2. Mughal emperor Bahadur Shah Zafar and his wife Zeenat Mahal were furious with the British over the announcement that his successors cannot use the Red Fort as their palace and cannot use the imperial titles with their names.
  3. The rulers of Jhansi, Satara, Jaitpur, Sambalpur, Udaipur and Nagpur were discontent because their kingdoms were annexed by the British using Doctrine of Lapse.
  4. Nana Saheb the adopted son of Baji Rao II was refused the pension that the British were paying to Baji Rao II. He was forced to live at Kanpur, far away from his family seat at Poona.
  5. Nawabs of Carnatic and Tanjore were unhappy as their regal titles were taken away.
  6. The Nizam of Hyderabad, the ruler of Mysore, the Raja of Tanjore, the Sindhia and the Rajput states of Jodhpur, Jaipur, Macheri, Bundi and ruler of Bharatpur have entered into Subsidiary alliance with the British. They were now suspicious of the British and discontent on losing their independence.

Question 2

Imagine you were one of the soldiers from Meerut who came to Delhi soon after the freeing your fellow soldiers, who were put behind the bars for refusing to touch the cartridges. State two objections which they had for not using the cartridges and their future plan of action.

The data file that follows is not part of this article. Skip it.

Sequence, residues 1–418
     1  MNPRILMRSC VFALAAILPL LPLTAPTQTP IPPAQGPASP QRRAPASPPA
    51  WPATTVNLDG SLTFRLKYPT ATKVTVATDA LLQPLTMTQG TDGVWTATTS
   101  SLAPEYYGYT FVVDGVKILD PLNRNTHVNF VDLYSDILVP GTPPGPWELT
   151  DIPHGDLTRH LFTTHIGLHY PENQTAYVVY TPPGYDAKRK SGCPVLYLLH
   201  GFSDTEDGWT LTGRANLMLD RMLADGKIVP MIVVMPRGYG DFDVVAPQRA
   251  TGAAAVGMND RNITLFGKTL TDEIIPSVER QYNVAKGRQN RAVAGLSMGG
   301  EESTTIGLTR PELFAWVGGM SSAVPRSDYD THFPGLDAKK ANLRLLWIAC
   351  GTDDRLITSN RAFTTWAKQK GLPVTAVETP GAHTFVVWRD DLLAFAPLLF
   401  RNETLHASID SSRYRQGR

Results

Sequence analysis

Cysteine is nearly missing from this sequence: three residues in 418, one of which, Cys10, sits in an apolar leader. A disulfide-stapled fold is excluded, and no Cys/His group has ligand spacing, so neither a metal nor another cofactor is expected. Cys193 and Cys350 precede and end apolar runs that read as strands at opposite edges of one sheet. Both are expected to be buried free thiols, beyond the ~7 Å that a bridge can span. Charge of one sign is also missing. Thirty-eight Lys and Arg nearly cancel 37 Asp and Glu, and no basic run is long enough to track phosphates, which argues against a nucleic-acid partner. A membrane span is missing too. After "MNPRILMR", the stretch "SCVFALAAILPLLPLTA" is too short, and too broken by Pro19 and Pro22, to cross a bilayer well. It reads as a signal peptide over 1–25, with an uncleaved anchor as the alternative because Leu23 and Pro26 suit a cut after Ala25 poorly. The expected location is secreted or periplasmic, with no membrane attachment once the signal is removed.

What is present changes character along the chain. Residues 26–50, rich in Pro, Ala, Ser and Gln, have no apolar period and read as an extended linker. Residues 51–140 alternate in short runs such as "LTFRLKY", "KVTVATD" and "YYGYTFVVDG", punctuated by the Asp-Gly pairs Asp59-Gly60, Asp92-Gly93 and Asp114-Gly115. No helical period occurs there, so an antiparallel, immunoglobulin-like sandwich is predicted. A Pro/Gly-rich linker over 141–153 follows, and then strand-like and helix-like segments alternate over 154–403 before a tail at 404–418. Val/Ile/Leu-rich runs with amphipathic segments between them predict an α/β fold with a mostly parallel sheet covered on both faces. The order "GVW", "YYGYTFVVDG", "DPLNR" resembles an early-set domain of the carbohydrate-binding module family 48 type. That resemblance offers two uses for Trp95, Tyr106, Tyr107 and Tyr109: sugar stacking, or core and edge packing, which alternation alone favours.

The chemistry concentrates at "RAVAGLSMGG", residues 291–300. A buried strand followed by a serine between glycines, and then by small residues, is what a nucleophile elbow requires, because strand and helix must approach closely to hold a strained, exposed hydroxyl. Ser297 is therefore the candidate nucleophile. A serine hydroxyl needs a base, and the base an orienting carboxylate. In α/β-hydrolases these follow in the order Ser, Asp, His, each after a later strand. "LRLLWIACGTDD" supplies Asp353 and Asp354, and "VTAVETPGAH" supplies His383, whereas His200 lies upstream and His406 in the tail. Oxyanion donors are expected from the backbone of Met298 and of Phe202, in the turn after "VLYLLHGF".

Answer

Two objections my fellow soldiers had over the use of the cartridges were:

  1. They were convinced that the greased cartridges had fat of cow and pig. Cow is sacred to hindus and pig is a taboo to Muslims both hindu and muslim soldiers refused to use them.
  2. They feared the loss of caste and religion if they accepted the greased cartridges.

Their future plan of action was to stage an uprising against the British if they were forced to use the cartridges.

Question 3

Imagine you were one of the Company's sepoys from Awadh, whose father was a zamindar. State the grievances your father had against the British.

Answer

After annexation of Awadh, the British confiscated the estate of the zamindars. As a company sepoy, I helped the British conquer the rest of India and now in my homeland my father's estate was taken away. The estate was auctioned to the highest bidder who was a merchant and didn't understand the needs of the tenants and exploited the peasantry to pay exorbitant land revenues.

Question 4

Read the poem about Rani Laxmi Bai of Jhansi, written by Subhadra Kumari Chauhan. How does the poem describe her as an unusual woman who was way ahead of her time?

Answer

In the poem "Jhansi ki Rani" by Subhadra Kumari Chauhan, the poetess describes Rani Laxmi Bai of Jhansi as a courageous, brave girl who since childhood unlike the girls of her age started playing with swords, shields and weapons. When Dalhousie annexed Jhansi by Doctrine of Lapse, she decided to fight against the British and contribute to the freedom struggle of India helping the Peshwa Nana Saheb to oust the British from India. She showed exemplary valour and excellent combat skills on the battle field better than any male warrior of her time.